Artificial ventilation at home requires an oxygen supply company able to manage the ventilator and someone to care for the patient around the clock. The first requirement is easy, since third party payers will cover the ventilator care at home (it is cheaper than in a hospital). The second requirement is the usual stumbling block. Continuous nursing care is prohibitively expensive, and insurance companies will not pay for it. Family members can theoretically do the job, but who has family that can dedicate to such extraordinary care? Mrs. Bowman did: Mr. Bowman.

I had my doubts. Mr. Bowman was devoted to his wife, but could he alone do the tasks that, in the hospital, require several shifts of workers? We would not discharge Mrs. Bowman until she was stable, but even then she would require almost constant attention. She needed to be suctioned often, given a bedpan when necessary, and fed three meals a day; the ventilator had to be checked instantly if any alarms went off; and calls had to be made if something went wrong.

Yes, yes, yes, Mr. Bowman insisted. He could do whatever was needed. All we had to do was show him what and how. Having no reasonable alternative, we agreed to send Mrs. Bowman home with a ventilator.

It took about a week for the oxygen supply company to set up a ventilator in their home. To make things easier we insisted on the same model used in the hospital. The company first surveyed the house and decided the only place for the machine was a tiny first-floor den. It could not go into their larger second-floor bedroom because the connecting oxygen tanks were too heavy for any area but the basement. To properly connect the ventilator to the oxygen tanks required that the machine be located on the first floor. (Hospitals use a built-in oxygen system with outlets in every patient room.)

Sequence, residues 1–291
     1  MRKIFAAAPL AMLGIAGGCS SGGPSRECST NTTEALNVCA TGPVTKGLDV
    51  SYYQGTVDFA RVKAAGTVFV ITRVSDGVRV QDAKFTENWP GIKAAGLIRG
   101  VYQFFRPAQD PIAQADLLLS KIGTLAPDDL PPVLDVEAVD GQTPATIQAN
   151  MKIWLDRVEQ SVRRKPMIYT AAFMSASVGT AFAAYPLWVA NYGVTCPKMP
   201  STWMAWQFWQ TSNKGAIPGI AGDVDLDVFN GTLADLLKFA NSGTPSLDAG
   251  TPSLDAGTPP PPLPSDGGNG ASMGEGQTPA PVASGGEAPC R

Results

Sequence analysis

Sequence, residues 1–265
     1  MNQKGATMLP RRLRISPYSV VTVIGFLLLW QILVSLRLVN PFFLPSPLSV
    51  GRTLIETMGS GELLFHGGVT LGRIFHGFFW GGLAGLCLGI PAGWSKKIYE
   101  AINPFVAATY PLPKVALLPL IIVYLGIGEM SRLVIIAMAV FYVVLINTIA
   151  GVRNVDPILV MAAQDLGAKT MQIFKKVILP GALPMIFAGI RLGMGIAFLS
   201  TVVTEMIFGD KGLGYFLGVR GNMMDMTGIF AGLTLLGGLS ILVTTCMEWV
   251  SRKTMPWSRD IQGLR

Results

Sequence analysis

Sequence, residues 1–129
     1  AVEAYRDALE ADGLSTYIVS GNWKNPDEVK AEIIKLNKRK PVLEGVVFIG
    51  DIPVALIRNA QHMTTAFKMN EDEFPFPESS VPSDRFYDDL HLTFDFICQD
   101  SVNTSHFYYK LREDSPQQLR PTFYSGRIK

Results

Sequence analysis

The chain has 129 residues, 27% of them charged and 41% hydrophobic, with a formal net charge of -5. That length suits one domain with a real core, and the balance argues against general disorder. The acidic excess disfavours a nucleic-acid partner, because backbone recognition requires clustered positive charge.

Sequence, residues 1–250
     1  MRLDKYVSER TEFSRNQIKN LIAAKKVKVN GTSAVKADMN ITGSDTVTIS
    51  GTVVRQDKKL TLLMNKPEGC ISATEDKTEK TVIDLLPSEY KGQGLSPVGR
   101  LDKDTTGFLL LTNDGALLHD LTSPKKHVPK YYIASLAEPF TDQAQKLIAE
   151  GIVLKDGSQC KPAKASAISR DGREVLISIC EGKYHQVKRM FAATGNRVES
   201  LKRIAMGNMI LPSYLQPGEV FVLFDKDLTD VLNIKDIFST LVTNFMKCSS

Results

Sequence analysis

After two weeks of discharge planning, during which Mr. Bowman received instruction from therapists and nurses, Mrs. Bowman was ready to leave the hospital. On the trip from MICU to the emergency room, where the ambulance was waiting to transport her home, a respiratory therapist breathed her lungs manually with an AMBU bag. In the ambulance she received ventilation from a portable, battery-operated ventilator. Besides the two ambulance attendants, a nurse and respiratory therapist also came with her. Mr. Bowman followed the ambulance in his car and I followed in my car. I also took along our head of Respiratory Therapy; this was a first for him as well.

I had never been to her neighborhood and knew only that it was in a blue-collar district about five miles south of the hospital. We followed Mr. Bowman off an expressway exit that I had passed many times before. Less than 500 feet from the exit the ambulance stood in front of an aging, two-story wood frame house. Across the street were a gas station and a bar.

She lived on the fringe of a poor working-class section of town, in a house that was modest even by neighborhood standards. On the lot next door a rusting 1960s Ford rested on cinder blocks, its wheels and one door missing. Adjacent to the gas station was a vacant lot packed with ten partly-stripped cars. In the air was the din of the expressway, with high-decibel trucks roaring by every few minutes, and a pervasive smell of exhaust fumes. Though not a slum, the neighborhood was far from appealing. I looked around and thought: This is where we are sending our first home-ventilator patient?